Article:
In many places in the U.S., the state will assume your medical expenses (within some limits) once your net worth falls to a very minimal level. In Wisconsin where my mother lives, itís $2000.

Fighting mortality in the last period of oneís life is a very expensive delaying action.

Trad climber
Valles Marineris
Mar 21, 2017 - 08:20am PT
There is another paradigm that says to take SS at 62 and invest it, if you can afford to do so.

Andrzej Citkowicz far away from Poland
Mar 21, 2017 - 09:43am PT
There is another paradigm that says to take SS at 62 and invest it, if you can afford to do so.

Gunkie, that's exactly what you are doing when you postpone the withdrawals. Instead of a risky investment on your own, you get a guaranteed gain of 76% over 8 years.

Theoretically, you should be able to double your investment in 5-7 years, but if the market is not performing, you lose.

I am waiting till 70.


Gym climber
Bend Or
Mar 21, 2017 - 10:56am PT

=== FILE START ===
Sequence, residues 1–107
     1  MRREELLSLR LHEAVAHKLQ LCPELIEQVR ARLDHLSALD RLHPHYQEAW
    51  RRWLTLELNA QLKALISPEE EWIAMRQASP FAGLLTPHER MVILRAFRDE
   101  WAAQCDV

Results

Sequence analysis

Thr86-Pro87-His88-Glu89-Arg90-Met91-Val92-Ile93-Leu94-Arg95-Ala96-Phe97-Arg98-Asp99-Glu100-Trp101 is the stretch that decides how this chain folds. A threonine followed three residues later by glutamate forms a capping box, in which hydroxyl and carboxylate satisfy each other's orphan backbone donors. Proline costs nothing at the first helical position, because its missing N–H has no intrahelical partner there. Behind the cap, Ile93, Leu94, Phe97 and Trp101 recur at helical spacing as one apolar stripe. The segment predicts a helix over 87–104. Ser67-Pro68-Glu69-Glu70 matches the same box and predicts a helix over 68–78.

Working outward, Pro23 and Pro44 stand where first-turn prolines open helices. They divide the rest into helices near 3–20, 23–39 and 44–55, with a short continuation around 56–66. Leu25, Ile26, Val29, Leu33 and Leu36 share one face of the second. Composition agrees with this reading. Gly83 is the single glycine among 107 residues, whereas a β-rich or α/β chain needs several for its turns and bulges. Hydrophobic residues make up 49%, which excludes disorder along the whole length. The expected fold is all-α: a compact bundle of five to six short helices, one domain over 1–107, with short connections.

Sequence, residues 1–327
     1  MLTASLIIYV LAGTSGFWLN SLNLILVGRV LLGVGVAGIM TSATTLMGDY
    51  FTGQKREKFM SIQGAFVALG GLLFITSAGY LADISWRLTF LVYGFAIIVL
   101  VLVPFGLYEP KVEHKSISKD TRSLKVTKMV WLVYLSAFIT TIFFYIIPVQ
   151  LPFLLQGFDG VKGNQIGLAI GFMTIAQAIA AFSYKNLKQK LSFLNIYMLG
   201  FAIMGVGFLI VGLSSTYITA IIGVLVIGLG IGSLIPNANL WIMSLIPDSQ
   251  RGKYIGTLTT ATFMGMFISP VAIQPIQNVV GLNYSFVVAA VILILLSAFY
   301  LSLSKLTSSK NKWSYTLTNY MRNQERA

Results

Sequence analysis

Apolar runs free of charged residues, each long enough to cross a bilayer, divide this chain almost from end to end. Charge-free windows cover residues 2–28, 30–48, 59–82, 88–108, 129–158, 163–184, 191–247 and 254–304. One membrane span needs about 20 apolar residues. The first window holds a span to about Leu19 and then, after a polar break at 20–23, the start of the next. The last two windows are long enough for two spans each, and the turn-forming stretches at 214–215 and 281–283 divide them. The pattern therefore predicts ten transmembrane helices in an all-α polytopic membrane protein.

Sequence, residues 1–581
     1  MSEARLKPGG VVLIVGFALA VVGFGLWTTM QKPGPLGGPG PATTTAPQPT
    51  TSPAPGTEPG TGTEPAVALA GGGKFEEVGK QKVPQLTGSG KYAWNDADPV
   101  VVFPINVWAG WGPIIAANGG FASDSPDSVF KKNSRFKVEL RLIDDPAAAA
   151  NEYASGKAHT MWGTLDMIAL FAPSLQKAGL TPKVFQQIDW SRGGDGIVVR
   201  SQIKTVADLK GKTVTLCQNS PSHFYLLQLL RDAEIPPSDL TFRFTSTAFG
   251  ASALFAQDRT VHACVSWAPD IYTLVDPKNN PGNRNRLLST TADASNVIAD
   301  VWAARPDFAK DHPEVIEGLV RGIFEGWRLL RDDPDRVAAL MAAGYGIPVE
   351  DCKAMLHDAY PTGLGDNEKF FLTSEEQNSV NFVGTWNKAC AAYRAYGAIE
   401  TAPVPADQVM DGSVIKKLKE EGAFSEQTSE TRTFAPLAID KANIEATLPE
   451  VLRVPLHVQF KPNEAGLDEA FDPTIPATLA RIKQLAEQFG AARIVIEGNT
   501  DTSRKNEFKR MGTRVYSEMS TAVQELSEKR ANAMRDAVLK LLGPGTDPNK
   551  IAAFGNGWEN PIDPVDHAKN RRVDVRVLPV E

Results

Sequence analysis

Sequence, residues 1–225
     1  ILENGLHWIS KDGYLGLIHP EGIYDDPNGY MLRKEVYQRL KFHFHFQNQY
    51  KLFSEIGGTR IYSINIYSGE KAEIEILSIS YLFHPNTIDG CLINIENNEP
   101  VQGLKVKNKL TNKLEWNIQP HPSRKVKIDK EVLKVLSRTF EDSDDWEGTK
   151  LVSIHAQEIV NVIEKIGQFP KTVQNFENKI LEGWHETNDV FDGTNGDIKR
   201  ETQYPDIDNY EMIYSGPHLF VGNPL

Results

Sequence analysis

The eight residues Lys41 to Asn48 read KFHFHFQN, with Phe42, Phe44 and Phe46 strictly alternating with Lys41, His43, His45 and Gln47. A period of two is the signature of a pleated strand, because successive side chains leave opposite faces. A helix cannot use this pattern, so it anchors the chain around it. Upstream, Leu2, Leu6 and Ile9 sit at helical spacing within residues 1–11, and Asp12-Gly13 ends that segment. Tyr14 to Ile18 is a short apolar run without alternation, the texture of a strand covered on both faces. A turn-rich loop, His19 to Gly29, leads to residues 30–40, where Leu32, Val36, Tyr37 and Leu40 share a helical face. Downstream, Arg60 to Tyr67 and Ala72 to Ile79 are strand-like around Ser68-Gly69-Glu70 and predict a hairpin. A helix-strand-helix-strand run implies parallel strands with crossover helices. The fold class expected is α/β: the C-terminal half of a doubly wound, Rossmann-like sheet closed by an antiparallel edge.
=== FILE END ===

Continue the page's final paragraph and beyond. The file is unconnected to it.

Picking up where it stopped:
Well the trump bump looks like it's on the decline right now...

Mar 21, 2017 - 10:58am PT

As for SS...

I say you best get it and spend it/invest it when and while you can...

because you can count on the FACT that if you don't...

someone else will be spending it for you...


Trad climber
minneapolis, mn
Mar 21, 2017 - 06:03pm PT
I'm early 40s. Plan to retire in early 60s and forego receiving SS benefits as well as dipping into 401(k)/IRA until I'm 70 1/2.

With that goal I'm setting aside money -- bridge money -- to cover living expenses between 62 (say) and 70 1/2.

Should that pan out, I have to believe I will have no income tax liability, as I'm literally not taking in money but rather living on savings. Anyone do this? Curious if my understanding of taxes is incorrect.